Difference Between Betadine and Iodine

Edited by Diffzy | Updated on: September 19, 2022

       

Difference Between Betadine and Iodine Difference Between Betadine and Iodine

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Introduction

The main difference between betadine and iodine is that betadine is a clinical product that mainly contains a complex of iodine and molecular iodine, while iodine is a chemical element. The difference between betadine and iodine essentially stems from their chemical nature. Iodine is a rare chemical element that generally exists as a diatomic molecule.

Betadine is a complex substance that contains iodine in an extremely complex form.Both iodine and betadine have numerous commercial uses and unique applications. Basically, betadine is helpful as an antiseptic solution.

Betadine vs Iodine

  • The primary distinction between betadine and iodine is that betadine is synthetic. It is made from povidone and iodine. Iodine, on the other hand, is extremely scarce in nature. It is also present in some plant and animal species, including corn and tuna.
  • The chemical betadine is a dark pigment. It contains both povidone and iodine.
  • The proportion of iodine fluctuates between 9 and 12%. As an antiseptic, it is used to treat wounds.
  • It is also used before and after surgical procedures. In contrast, iodine is a chemical element.
  • It has an atomic number of 53. A lack of iodine in the body results in scurvy. When the body doesn't get enough iodine, it makes less thyroxin and triiodothyronine, which makes the thyroid glands grow bigger.
  • Betadine is frequently employed to heal small wounds. It is an antiseptic that can inhibit the growth of germs, especially those that cause illness, on a surface. Betadine is also used as a disinfectant. Iodine is a chemical element of the halogen family. It is the most dense of the halogens. At normal temperatures, only iodine occurs in solid form. Iodine is also a disinfectant and a treatment for iodine insufficiency. Iodine is a chemical element. Betadine is a mixture of povidone, hydrogen iodide (HI), and elemental iodine (I).

Difference Between Betadine and Iodine in Tabular Form

Table: Betadine vs Iodine
Parameter of comparison
Betadine
Lodine
Definition
The substance is composed of both povidone and iodine. 
Chemical element
Molecular formula
C6H9I2NO
I2
Use
antiseptic or disinfectant
Keeping track of thyroid levels
Availability
It is synthetically produced.
Available at the chemist Rare in nature.
Toxicity
Lowest toxicity
Possesses the ability to emit harmful fumes at room temperature.

 

What is Betadine?

Definition of Betadine

Betadine is the brand name of a product that typically consists of a brown liquid containing povidone and iodine. Povidone (polyvinylpyrrolidone) is a polymer that is covalently bound to the iodine in the material. Iodine concentrations in solutions typically range from 9 to 12 percent.Povidone-iodine has the chemical formula C6H9I2NO and a molecular weight of 364.953 g/mol. This drug was made by mixing many distinct compounds.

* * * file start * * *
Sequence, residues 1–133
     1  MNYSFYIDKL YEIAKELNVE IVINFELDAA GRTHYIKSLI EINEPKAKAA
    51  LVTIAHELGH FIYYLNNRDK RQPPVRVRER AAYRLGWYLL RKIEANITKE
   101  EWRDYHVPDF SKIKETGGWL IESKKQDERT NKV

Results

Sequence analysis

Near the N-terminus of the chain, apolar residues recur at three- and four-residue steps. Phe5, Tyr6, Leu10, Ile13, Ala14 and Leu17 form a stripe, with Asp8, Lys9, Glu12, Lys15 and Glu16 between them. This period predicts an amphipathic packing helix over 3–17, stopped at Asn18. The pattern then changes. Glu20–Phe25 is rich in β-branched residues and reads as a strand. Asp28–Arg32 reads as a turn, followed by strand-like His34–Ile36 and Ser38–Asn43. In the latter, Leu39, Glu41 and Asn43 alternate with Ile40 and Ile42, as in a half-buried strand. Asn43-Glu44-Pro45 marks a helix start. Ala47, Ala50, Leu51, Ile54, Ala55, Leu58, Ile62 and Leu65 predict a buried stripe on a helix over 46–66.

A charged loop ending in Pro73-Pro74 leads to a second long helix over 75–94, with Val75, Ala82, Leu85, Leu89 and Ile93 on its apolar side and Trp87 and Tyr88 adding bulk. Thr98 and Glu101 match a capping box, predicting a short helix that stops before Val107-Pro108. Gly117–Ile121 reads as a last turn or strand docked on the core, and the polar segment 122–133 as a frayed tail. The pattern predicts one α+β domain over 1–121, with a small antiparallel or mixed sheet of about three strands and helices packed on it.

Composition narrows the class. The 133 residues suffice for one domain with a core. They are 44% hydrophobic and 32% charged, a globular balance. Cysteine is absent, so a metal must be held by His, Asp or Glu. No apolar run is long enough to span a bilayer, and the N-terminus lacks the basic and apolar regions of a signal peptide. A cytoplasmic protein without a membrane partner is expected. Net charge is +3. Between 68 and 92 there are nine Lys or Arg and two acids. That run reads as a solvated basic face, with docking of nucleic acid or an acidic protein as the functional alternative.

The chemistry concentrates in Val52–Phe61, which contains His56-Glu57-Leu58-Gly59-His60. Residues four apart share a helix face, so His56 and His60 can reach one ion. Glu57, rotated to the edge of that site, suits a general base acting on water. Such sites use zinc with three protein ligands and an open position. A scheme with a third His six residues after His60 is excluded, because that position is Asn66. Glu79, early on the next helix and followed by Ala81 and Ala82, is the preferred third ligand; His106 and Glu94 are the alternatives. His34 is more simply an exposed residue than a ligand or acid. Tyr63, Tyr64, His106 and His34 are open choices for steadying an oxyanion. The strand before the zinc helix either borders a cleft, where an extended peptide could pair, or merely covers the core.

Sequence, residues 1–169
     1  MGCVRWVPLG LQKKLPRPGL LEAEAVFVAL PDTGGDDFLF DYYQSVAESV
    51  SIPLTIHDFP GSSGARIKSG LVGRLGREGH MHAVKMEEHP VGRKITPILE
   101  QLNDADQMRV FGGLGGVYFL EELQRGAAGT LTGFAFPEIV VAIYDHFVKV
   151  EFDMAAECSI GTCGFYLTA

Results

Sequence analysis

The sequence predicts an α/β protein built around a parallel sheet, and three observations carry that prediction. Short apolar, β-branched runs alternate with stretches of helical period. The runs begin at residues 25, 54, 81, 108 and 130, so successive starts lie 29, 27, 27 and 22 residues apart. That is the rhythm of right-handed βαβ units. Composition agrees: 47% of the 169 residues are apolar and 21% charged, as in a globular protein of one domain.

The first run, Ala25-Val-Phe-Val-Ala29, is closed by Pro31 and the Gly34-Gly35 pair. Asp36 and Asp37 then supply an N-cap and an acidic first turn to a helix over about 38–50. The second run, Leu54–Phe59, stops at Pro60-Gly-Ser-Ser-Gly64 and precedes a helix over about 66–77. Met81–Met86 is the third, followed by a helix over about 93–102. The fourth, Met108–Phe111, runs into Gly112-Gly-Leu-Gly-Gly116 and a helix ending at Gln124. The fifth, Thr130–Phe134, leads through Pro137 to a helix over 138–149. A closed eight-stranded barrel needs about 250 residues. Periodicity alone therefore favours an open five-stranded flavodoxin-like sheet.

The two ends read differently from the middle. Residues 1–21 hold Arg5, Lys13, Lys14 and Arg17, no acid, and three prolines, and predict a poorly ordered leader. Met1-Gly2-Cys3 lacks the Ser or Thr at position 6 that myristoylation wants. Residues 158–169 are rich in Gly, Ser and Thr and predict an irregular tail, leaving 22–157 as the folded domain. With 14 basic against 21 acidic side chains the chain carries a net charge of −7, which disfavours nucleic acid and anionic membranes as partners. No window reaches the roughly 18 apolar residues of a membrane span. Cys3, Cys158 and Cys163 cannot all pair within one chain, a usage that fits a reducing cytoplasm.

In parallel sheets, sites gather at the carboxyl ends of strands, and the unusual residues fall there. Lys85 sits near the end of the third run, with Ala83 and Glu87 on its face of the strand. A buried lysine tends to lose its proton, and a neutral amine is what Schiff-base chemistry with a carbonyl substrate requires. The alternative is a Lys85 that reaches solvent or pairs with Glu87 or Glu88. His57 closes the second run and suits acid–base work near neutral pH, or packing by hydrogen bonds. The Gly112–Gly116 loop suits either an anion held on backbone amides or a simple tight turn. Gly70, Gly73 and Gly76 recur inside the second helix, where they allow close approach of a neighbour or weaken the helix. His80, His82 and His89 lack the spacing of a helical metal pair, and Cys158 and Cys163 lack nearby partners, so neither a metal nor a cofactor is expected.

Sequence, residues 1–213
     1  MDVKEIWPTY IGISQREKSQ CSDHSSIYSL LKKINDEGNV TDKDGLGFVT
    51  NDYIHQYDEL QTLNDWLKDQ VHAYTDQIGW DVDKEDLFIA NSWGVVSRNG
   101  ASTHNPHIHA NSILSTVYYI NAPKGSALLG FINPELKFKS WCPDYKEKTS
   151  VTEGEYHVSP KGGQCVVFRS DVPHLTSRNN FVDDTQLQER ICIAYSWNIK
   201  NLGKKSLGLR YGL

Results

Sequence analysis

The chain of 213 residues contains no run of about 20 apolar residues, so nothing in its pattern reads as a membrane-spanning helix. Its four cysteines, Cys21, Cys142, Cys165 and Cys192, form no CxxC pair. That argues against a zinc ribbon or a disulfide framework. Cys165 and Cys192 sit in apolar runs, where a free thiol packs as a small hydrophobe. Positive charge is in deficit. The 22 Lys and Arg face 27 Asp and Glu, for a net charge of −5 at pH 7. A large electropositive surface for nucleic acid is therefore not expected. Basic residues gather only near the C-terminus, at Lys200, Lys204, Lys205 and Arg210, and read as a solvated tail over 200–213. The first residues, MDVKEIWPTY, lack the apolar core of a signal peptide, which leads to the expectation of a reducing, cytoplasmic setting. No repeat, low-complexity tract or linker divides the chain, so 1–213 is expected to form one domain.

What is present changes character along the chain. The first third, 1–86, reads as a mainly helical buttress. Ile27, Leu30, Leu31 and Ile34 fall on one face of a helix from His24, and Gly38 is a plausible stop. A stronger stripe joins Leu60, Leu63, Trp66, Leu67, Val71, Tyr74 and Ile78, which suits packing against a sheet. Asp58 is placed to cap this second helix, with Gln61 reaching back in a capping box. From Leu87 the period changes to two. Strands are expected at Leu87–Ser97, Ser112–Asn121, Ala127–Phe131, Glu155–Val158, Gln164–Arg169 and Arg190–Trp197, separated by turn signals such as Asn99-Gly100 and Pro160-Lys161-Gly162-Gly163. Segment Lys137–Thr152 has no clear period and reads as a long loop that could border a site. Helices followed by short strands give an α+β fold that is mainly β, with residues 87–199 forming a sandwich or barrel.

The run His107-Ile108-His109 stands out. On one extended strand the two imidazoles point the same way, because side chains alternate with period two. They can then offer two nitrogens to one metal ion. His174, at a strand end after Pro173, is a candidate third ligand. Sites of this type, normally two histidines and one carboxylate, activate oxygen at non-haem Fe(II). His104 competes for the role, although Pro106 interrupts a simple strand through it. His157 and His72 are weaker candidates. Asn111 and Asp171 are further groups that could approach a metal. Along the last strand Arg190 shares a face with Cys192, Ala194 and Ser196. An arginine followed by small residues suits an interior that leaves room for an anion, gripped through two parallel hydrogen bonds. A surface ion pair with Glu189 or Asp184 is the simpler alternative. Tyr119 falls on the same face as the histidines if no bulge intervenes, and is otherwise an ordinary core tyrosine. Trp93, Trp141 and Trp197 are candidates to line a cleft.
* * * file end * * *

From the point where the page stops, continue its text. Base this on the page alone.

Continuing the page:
Utilization of Betadine

Betadine is used as an antibacterial ointment for the skin. It is used to destroy bacteria, fungus, and viruses that may be present on the skin when administered topically. People use it to clean wounds before placing a bandage, as well as to clean the skin before surgical procedures. Before placing a gauze dressing or bandage, Betadine can be used to cleanse wounds. Betadine should be kept at temperatures below 25 degrees Celsius, and it usually lasts about two years before it goes bad.

Accessibility to Betadine

Povidone-iodine has been synthesised and does not occur in nature. Without a prescription, small doses of betadine can be acquired over the counter at a pharmacy. There are more of them in hospitals, where they are often used to clean the skin before surgery.

Toxicological Effects of Betadine

Betadine has minimal hazardous effects on humans because the povidone ensures that iodine is delivered slowly, making it less dangerous than iodine used alone. Actually, the inclusion of povidone lowers staining and any irritation responses that may develop when iodine is administered alone. Irritation of the skin usually occurs only in extremely rare instances, such as when it is applied to broad areas of the body, as in the case of burn victims.

Medicinal Benefits

Betadine 10% Solution 100ml is an antiseptic and disinfectant used to treat and prevent skin infections in small burns, lacerations, cuts, and abrasions (the first layer of skin is scraped off). It inhibits the development of bacteria that cause infections. It is effective against bacteria (gram-positive and gram-negative, including antibiotic-and antiseptic-resistant strains), fungi, viruses, and protozoa.

Guidelines for Use

Betadine 10% Solution 100ml is solely intended for external usage.

Solution:

  •  Cleanse the afflicted region gently with a cloth soaked in the remedy.
  •  Allow the solution to dry before applying a sterile bandage to the wound.
  • Paint/Cream/Lotion/Ointment: Using sterile gauze or cotton swabs, apply the prescribed amount to the afflicted skin regions.
  • If necessary, cover the wounds with a sterile dressing or bandage after application. Wash your hands prior to and following use of the product.
  • With or without a dressing, gently sprinkle powder over the afflicted region.
  •  Before surgery and prior to bandaging small wounds, scratches, and burns, antiseptic swabs are used to clean the skin.
  • Apply the swab to the afflicted region to disinfect, and if required, cover with a bandage. External pads: Thoroughly clean the afflicted region using the pad. After a single usage, discard it. Spray: While holding the spray bottle 4-6 inches away from the skin, spray.
  •  Allow it to dry, and if required, add a bandage or dressing.
  • Apply the scrub gently to the afflicted region, create lather, and scrub vigorously for five minutes.
  • Using sterile gauze wet with water, remove the substance.

What is Iodine?

Iodine is a chemical element with the chemical symbol I. The periodic table of elements has iodine as one of its chemical constituents. It is one of the non-metallic elements known as halogens. Iodine is represented by the letter I, and its atomic number is 53. I2 is the molecular formula, and its weight is 253.809 g/mol.

Iodine exists in several oxidation states, such as iodide (I), iodate (IO 3), and numerous periodate anions. It is the 61st most prevalent element and the least abundant of the stable halogens. It is the heaviest of the necessary minerals. Iodine is necessary for the production of thyroid hormones. Iodine deficiency affects about 2 billion people, and it is the most common cause of intellectual disability that can be prevented.